[0025] where: Yw represents the luminance of the final display when the display is turned on to its maximum value; Xw and Yw represent the chromaticity coordinates of the desired display white point; Yr, Yg, and Yb represent the luminance values that must be output from the display to create the selected aim white point and luminance when the red, green, or blue light emissive elements are all driven at their maximum value; xr, xg, and Xb represent the respective x chromaticity coordinates of the red, green, and blue light emissive materials; and Yr, yg, and yb represent the respective y chromaticity coordinates of the red, green, and blue light emissive materials.

[0026] An optical transmission factor is then determined 30 for each light emissive element (subpixel) in the display device. This optical transmission factor indicates the proportion of the luminance of each light emissive element that will be emitted by the display. The optical transmission factor may include factors such as absorptions that take place within a polarizer or other layers within the display device structure and reflections that occur at the interface between different optical layers within the display device structure. The luminance values for each of the color light emissive elements are then calculated 32 by multiplying the previously calculated luminance values by the inverse of this proportion to determine the aim luminance for each light emissive element before unwanted absorptions.

[0027] A fill factor for each light emissive element is then selected 34. This fill factor is the proportion of the total pixel area that will emit light of the red, green, or blue light emissive elements. The necessary surface luminance value for each color light emissive element is then calculated 36 by multiplying the luminance value determined in 32 by the fill factor.

[0028] Characteristic curves relating output luminance to input current density (see FIG. 9) are then entered 38 for the light emissive materials employed in each subpixel. For most OLED materials, this characteristic curve will be a linear function that allows the current density to be calculated as a function of luminance. These functions may be of the form:

I=(L−b)/a,  (4)

[0029] where: I represents the current density required to drive each subpixel; L represents the surface luminance that was previously calculated; and a and b are constants that differ for each light emissive material. These functions are then used to calculate 40 the aim current density required to drive each subpixel to display the selected aim white point and luminance.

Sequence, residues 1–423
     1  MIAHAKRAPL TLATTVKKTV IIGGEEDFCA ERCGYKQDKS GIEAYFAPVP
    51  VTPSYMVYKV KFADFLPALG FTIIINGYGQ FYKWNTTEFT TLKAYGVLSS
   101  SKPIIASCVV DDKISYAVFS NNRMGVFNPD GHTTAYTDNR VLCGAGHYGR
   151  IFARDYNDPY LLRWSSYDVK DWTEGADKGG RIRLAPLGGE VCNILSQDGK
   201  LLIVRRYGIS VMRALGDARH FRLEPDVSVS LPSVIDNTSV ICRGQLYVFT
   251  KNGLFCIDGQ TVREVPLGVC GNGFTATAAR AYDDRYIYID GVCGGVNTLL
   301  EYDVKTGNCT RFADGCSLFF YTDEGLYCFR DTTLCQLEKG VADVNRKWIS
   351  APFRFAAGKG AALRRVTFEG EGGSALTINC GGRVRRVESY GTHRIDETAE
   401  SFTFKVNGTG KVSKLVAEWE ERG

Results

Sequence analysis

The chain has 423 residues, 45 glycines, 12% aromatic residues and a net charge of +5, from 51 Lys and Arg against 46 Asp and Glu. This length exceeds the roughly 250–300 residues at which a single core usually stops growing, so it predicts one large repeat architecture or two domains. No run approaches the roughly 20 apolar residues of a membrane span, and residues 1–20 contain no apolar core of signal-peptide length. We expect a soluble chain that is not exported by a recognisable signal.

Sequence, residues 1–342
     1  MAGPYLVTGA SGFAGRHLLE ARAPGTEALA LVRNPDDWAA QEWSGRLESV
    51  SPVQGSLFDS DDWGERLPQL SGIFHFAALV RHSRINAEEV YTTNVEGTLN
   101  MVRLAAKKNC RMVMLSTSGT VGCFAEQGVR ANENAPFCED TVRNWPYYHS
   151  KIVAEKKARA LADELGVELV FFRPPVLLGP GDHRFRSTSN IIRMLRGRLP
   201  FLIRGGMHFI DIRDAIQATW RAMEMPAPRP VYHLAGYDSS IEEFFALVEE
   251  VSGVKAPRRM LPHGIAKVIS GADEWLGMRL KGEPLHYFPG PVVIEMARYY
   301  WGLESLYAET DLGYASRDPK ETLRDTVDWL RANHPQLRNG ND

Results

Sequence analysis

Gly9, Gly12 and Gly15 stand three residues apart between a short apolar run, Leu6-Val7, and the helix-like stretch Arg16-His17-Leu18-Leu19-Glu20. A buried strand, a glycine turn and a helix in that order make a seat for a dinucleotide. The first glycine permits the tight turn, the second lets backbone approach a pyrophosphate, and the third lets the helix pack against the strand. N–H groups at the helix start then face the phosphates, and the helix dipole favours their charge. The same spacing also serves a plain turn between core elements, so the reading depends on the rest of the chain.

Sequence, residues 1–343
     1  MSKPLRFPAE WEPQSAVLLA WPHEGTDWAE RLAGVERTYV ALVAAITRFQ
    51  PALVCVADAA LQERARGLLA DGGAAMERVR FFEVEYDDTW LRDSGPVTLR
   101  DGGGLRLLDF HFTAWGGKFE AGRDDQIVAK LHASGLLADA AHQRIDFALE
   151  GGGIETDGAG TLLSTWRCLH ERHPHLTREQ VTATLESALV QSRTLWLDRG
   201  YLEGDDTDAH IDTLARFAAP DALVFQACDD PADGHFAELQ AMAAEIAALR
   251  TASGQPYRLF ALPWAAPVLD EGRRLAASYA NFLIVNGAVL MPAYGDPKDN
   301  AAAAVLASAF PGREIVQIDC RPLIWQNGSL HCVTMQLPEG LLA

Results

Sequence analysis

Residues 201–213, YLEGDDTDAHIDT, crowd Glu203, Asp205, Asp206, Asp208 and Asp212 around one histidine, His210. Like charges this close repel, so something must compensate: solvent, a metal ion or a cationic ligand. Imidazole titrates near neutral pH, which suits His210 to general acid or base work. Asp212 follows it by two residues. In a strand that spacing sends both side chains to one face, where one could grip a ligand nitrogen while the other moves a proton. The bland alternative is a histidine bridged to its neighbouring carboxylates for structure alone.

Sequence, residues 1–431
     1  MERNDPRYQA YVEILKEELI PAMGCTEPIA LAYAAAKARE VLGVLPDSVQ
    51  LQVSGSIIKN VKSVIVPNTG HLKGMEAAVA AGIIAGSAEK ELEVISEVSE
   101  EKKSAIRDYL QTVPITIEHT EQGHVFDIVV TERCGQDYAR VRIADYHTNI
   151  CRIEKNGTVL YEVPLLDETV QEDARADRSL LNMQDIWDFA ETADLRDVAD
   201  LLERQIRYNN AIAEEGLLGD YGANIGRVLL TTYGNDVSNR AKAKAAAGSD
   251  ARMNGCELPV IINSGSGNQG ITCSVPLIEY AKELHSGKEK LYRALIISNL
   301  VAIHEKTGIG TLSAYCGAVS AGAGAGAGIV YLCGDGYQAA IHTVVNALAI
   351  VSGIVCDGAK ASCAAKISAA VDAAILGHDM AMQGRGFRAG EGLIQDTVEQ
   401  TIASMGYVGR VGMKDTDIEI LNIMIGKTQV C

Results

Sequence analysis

[0030] Characteristic curves relating current density to the luminance stability over time of the light emitting materials (see FIG. 10) are then determined 42 for the materials employed in each subpixel. For example, a power function of the form:

T=cId  (5)

[0031] may be used to estimate the time until the light-emitting element has lost half its original luminance where T is the time and c and d are constants that are different for each different material. These characteristic curves are determined empirically by measuring the light output from test pixels that are produced using the processes that will be employed to manufacture the display device. These characteristic functions may then be used to calculate 44 the useful lifetime of the subpixel within the display device. Once these useful lifetime values are calculated for all three light emissive elements, a decision 46 is made based upon whether the useful lives are substantially equal (within a predetermined tolerance) for the three subpixels. If the useful lives are not equal, the fill factors for the three light emissive elements are modified 48, reducing the area of the light emissive elements with the larger useful lives and increasing the area of the light emissive elements with the smaller useful lives. The calculations 36, 40, and 44 are performed again with the altered light emissive element areas. If the values are equal to one another, the process is complete 50 and the aim fill factor for the display is used to determine the final relative subpixel sizes.

[0032] Referring to FIG. 3, according to an alternative embodiment of the present invention, the relative areas of the light emissive elements may be calculated directly for a display by specifying a target useful lifetime for the display. Assuming that the luminance of an OLED display device is linear with current, i.e., the luminance measured over area Am doubles when the current applied to it doubles, one can calculate the relative subpixel sizes. This calculation may be performed by first providing 52 chromaticity coordinates for the light emissive elements. Then by selecting 54 the aim chromaticity coordinates and luminance of a target display white point, one calculates 56 the required luminance for the measurement area Am for each light emissive element using the chromaticity coordinates of the light emissive materials used for the subpixels, the aim white point and luminance of the target display using equations 1, 2, and 3.